Faced with the lowest approval ratings of her career, Chilean President Michelle Bachelet acknowledged on Wednesday that corruption scandals had rocked the South American country but rejected any notion she might resign and sought to cast the situation as an opportunity.

Chile's corruption is among the lowest in South America. But trust in politicians and the business elite has been eroded amid a recent bank loan scandal involving Bachelet's son, as well as a campaign financing scandal involving right-wing politicians and the Penta Group, a prominent financial company. Another tax-related election financing scandal at Chilean SQM fertilizer company forced the resignation of its chief executive.

"There's a very serious crisis of confidence," Bachelet told foreign correspondents at the presidential palace. "But I'm convinced that this crisis is a tremendous opportunity for us to advance in fixing those loopholes, strengthening the institutions so these types of situations are never repeated."

The recent controversy involving her family has taken a particularly big toll on Bachelet's image, as she won the presidency last year promising to fight against Chile's inequalities. A recent poll shows Bachelet's approval rating dropped 8 percentage points in March to 31 percent, the lowest both for her current administration and her 2006-2010 presidency.

Bachelet said she's focused on pushing forward reforms, including an education overhaul, changing the dictatorship-era Constitution to make Congress more representative and reducing the vast gap between the rich and poor.

"We have to focus on recovering trust and making sure the institutions are seen as doing their job in a serious and responsible way," she said. "I think that's my duty, not improving my popularity ratings."

Chile, the world's top copper producing country, is considered one the best-managed economies in Latin America because of its prudent fiscal and macroeconomic policies and strong institutions.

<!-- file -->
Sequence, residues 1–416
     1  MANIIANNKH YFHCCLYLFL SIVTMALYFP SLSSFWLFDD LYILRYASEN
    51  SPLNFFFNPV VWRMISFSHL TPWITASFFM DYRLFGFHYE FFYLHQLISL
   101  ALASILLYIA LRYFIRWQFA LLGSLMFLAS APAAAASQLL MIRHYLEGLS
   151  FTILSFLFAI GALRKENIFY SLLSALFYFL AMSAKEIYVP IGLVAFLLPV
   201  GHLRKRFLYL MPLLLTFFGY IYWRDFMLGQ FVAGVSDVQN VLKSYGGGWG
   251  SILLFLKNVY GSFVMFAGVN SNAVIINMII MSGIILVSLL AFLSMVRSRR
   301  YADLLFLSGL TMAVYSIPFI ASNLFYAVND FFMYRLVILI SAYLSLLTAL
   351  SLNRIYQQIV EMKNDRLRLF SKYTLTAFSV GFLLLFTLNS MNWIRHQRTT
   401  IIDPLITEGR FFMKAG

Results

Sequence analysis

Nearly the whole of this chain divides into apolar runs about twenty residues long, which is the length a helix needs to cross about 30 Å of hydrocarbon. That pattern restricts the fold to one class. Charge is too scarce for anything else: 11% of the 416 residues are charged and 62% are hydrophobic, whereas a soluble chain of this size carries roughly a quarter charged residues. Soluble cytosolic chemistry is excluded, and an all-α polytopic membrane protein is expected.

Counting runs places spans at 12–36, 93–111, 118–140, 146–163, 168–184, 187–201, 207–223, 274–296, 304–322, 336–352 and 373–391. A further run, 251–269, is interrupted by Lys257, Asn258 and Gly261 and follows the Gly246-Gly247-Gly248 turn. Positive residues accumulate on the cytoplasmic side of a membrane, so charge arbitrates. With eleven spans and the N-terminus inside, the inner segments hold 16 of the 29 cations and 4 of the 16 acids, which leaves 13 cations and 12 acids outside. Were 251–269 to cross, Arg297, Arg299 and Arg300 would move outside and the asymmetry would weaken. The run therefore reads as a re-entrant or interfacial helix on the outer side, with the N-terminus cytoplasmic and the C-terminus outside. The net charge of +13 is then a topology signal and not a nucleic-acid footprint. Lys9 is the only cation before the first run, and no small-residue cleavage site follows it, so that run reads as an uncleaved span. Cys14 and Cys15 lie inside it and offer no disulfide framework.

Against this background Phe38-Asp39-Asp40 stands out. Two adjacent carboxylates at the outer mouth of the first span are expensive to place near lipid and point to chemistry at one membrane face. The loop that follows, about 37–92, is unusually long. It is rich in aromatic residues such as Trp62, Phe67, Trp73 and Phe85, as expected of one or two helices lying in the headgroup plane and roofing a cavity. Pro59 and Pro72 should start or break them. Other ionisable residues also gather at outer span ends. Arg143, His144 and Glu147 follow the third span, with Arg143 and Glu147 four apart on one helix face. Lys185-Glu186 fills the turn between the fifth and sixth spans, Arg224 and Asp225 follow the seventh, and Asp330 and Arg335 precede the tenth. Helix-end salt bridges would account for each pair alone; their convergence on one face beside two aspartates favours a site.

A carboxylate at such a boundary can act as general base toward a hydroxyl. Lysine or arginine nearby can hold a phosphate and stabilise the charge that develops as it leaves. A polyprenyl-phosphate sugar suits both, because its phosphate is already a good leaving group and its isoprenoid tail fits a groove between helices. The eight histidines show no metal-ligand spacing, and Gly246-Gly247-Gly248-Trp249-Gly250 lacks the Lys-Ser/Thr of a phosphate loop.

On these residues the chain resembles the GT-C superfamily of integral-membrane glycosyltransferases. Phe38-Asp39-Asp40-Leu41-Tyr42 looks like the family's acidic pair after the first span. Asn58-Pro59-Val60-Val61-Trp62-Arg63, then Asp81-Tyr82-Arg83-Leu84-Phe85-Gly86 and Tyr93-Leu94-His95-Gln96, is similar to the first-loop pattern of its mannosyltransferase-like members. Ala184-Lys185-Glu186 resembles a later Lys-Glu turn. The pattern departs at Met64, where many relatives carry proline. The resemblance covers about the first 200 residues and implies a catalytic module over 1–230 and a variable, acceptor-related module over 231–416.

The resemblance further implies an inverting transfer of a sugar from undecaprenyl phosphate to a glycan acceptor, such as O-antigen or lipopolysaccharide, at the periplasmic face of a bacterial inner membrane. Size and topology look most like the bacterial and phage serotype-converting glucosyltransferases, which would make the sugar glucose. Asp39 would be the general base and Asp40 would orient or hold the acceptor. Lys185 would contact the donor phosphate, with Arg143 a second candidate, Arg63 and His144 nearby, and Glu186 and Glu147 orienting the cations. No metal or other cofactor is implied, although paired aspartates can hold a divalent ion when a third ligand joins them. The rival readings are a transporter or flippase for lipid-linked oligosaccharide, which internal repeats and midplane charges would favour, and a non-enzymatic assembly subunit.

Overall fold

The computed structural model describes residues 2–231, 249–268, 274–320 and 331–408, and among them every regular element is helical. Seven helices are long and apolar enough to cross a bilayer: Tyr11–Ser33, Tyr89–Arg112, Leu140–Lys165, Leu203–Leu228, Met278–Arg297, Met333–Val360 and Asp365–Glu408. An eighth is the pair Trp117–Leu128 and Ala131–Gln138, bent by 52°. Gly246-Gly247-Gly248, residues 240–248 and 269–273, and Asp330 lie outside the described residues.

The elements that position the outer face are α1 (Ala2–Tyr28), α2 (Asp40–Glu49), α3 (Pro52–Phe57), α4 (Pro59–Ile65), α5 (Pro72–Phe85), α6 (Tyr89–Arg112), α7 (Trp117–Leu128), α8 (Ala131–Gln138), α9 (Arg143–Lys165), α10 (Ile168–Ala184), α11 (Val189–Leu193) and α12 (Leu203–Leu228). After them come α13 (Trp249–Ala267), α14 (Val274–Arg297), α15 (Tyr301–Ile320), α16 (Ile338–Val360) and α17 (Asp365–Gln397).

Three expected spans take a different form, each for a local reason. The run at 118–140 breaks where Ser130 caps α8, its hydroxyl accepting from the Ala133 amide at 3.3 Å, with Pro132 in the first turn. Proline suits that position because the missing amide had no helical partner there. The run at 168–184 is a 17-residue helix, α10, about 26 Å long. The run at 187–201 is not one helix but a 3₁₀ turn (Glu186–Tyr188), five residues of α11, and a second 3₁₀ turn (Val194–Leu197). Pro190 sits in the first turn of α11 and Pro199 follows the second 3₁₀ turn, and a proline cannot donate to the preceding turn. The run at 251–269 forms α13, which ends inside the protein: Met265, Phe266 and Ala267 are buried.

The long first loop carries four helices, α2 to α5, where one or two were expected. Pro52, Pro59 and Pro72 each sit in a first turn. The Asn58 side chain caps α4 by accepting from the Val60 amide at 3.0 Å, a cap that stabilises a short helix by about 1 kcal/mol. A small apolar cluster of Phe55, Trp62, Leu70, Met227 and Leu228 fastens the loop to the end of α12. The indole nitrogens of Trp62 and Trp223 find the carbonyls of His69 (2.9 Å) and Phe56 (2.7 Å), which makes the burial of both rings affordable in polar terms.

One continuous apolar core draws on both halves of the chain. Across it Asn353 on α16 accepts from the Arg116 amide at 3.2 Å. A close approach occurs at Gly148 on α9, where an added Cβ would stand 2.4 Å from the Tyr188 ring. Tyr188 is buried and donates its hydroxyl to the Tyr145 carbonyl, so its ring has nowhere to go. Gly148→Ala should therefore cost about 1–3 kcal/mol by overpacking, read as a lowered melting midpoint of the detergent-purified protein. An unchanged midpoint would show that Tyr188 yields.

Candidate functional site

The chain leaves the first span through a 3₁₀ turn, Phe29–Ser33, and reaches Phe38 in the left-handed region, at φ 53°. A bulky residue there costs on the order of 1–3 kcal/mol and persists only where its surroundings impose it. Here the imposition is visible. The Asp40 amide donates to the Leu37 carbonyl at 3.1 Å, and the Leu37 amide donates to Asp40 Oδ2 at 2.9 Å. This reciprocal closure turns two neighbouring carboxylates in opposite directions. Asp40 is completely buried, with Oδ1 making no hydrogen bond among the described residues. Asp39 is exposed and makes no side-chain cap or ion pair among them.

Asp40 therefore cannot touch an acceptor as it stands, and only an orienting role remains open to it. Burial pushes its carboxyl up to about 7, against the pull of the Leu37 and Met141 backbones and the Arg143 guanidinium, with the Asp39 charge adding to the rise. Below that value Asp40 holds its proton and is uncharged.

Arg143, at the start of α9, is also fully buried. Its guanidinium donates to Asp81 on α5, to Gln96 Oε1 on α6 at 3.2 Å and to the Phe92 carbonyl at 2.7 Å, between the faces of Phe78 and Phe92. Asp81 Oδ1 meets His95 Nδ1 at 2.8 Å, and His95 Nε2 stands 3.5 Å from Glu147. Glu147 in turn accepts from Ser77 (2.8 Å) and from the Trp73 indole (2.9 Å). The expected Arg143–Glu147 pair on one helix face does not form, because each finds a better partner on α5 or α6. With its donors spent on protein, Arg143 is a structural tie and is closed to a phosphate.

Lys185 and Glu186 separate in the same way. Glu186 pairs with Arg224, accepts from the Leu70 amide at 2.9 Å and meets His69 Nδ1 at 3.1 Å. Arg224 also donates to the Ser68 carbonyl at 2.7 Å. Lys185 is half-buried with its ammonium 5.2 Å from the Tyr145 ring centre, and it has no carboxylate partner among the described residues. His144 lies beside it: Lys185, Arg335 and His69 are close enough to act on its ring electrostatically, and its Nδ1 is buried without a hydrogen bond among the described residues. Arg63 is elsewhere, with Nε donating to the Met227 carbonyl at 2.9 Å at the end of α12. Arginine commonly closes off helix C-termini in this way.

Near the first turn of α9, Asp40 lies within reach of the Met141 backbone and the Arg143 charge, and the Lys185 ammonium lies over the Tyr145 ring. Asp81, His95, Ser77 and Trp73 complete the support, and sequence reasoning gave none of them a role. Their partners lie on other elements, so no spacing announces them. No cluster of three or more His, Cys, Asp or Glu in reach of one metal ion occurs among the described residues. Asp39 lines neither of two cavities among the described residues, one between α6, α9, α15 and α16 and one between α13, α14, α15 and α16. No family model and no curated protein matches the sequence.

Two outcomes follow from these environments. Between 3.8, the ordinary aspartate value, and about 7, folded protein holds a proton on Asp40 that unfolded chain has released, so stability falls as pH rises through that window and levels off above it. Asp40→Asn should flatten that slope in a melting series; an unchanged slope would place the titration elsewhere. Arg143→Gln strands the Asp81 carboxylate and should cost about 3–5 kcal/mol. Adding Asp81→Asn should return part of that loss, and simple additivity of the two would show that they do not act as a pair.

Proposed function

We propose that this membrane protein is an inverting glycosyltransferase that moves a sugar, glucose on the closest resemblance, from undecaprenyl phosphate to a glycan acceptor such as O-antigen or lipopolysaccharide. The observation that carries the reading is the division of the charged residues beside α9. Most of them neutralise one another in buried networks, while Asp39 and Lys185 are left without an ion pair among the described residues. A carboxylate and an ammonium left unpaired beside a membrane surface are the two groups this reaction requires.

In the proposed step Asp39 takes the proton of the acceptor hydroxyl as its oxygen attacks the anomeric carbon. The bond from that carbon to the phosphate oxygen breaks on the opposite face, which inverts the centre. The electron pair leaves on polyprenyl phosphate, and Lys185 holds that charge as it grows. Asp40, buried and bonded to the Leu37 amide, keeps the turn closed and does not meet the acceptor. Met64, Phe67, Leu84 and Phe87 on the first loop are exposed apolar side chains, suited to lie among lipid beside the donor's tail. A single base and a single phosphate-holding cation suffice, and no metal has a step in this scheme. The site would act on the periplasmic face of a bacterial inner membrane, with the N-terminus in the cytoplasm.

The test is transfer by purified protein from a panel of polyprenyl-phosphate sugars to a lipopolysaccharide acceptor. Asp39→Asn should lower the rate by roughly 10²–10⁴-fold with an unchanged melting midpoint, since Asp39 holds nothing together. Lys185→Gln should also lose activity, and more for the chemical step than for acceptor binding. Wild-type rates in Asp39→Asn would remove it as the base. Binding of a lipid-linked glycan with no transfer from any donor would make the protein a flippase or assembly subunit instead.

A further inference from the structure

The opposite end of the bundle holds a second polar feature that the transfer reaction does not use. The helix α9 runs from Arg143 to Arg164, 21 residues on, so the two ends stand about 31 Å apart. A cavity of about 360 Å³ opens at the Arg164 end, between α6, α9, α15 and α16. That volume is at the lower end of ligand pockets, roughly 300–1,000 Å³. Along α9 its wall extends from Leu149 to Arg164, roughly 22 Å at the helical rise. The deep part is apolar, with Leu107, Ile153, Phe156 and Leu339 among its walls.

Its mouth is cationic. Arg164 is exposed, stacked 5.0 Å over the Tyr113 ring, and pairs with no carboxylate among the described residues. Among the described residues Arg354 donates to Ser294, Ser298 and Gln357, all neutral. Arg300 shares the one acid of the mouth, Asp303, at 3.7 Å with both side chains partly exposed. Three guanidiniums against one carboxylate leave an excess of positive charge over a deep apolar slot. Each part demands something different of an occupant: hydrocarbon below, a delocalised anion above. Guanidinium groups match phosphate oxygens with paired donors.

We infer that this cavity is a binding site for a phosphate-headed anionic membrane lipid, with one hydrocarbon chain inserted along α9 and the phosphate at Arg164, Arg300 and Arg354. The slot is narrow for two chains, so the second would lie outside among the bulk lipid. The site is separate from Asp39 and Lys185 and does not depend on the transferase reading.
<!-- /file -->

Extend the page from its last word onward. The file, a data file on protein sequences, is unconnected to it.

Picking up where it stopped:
Bachelet said that millionaires being arrested and the president's family being probed reinforced Chile's commitment to the rule of law.

The founders of the Penta financial company with interests in insurance, health and real estate were recently jailed while an investigation into tax evasion and bribery is carried out, and the president of Chile's right-wing Democratic Union party quit the party over that campaign financing scandal. Meanwhile, the fertilizing company SQM, which has some of the world's biggest reserves of lithium and nitrate, is being probed after accusations that it financed campaigns by the same conservative party.

Prosecutors are also investigating whether Bachelet's son, Sebastian Davalos, and his wife, Natalia Compagnon, got privileged access to a $10 million loan to buy land they later sold for about $15 million. The loan was granted after the couple met with a Banco de Chile vice president, Andronico Luksic, one of Chile's richest men.

Bachelet has said that she's lived through some "painful moments" as a mother and president. Although she declined to comment on the scandal saying it's an ongoing investigation, she dismissed recent rumors sparked by a political commentator that she's going to step down as a result.

"Imagine that? The president resigning. That's a constitutional rupture," said Bachelet. "The truth has to be told, so just in case - I never thought about resigning and I don't plan on resigning at any time."


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